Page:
January 14, 2005
City of Asheville
PO Box 7148
North Carolina 28802
3. Demonstrated Needs?
Why is the City going to spend hundreds of
thousands of dollars for planning that may far exceed the actual needs on the
Watershed? Especially when all the Water Department was
really concerned about was road maintenance and removal of exotic invasive
species of plants?
Re: -Watershed Management Planning
contract: Prudent use of taxpayer
proposals will cost hundreds of thousands of dollars for dubious
Dear Mayor Worley:
The Asheville Watershed is a unique treasure
for Asheville and, indeed, western North Carolina. Thus, how
that Watershed is managed is a critically important issue facing City
Council. We see a financial and possibly, an environmental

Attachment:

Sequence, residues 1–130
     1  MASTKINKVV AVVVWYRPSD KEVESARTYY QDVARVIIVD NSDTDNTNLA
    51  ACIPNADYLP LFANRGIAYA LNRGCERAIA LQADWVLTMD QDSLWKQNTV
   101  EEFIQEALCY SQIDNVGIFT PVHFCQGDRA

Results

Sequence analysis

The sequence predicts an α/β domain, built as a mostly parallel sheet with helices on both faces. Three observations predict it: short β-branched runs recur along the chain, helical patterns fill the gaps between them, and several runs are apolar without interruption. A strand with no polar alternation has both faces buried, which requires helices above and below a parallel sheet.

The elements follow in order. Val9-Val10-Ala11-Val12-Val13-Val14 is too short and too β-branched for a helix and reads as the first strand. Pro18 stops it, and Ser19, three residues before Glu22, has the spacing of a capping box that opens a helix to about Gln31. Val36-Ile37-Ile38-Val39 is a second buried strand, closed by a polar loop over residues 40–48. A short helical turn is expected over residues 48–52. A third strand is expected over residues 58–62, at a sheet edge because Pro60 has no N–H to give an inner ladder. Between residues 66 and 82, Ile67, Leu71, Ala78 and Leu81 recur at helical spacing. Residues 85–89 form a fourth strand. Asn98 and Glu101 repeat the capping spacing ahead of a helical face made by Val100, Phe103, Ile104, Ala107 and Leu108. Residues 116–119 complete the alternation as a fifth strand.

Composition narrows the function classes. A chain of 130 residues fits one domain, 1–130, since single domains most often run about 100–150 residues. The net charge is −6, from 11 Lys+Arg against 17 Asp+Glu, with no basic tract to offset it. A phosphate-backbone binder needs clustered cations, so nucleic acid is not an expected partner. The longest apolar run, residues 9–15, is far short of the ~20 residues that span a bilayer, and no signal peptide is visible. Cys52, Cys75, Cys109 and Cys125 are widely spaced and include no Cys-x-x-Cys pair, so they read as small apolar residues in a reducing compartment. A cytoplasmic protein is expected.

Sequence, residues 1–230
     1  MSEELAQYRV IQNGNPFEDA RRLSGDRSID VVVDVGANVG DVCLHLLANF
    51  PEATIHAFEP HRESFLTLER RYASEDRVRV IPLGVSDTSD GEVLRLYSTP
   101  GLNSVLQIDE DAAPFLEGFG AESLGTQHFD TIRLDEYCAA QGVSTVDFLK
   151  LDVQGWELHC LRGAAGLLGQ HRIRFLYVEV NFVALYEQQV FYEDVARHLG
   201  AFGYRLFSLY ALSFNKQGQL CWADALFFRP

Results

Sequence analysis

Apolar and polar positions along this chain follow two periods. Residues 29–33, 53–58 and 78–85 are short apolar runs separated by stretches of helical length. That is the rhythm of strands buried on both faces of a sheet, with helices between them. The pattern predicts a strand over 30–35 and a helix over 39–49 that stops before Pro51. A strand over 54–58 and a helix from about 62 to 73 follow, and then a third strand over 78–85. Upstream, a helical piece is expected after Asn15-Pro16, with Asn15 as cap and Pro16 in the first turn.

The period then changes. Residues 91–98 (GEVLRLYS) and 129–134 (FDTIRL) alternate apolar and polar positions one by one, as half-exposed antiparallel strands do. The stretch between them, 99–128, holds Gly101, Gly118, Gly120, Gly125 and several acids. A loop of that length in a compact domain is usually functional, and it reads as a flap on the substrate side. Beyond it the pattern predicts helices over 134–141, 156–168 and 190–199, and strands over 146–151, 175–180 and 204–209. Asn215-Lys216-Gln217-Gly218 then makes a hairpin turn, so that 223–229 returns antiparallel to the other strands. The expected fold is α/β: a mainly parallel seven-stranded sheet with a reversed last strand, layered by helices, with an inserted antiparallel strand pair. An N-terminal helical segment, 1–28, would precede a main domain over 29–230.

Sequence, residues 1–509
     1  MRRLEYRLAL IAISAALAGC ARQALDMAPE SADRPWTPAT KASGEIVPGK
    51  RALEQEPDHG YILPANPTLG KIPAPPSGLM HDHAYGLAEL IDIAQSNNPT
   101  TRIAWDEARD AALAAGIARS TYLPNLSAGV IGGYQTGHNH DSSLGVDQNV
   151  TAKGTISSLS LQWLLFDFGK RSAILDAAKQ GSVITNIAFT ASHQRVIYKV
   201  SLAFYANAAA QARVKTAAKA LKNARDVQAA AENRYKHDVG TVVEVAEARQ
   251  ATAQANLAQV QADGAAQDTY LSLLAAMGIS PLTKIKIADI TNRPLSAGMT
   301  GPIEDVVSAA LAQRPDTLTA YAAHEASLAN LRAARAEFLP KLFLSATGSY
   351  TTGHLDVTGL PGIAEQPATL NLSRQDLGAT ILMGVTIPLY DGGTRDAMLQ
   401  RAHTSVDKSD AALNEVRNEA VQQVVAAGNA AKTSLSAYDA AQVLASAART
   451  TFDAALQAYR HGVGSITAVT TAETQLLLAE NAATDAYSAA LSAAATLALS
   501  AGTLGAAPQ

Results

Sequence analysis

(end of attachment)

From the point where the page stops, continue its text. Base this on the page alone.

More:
train wreck coming down the track if the City proceeds to award a planning and
management contract without modification and additional
deliberation. Allow us to explain.
We have reviewed the four proposals
submitted in response to the Request for Proposals (RFP) sent out by the Water
Resources Department in the summer. All four proposals have
tried to respond to the specifics of the RFP. Unfortunately
for City taxpayers, that document itself was imprecise and overly broad,
resulting in the four proposals being themselves imprecise and vague.
The result is a broad range of proposed
bids, from $388,000 down to what is essentially a >time and
materials= fee (albeit,
some of those fees at $140/hour). That bid variation itself
reveals imprecision in the RFP and makes comparing the proposals one of
comparing apples and oranges. Moreover these hundreds of
thousands of dollars you might approve are only for the planning. Implementation
will incur even more costs. Tragically, this plan is
rumbling down the track with the City having failed to demonstrate a
compelling need for many of the activities proposed.
We urge City Council to answer these
questions before proceeding. Not doing so will mean wasted
time, resources, opportunities, and taxpayer money.
1. Priorities straight?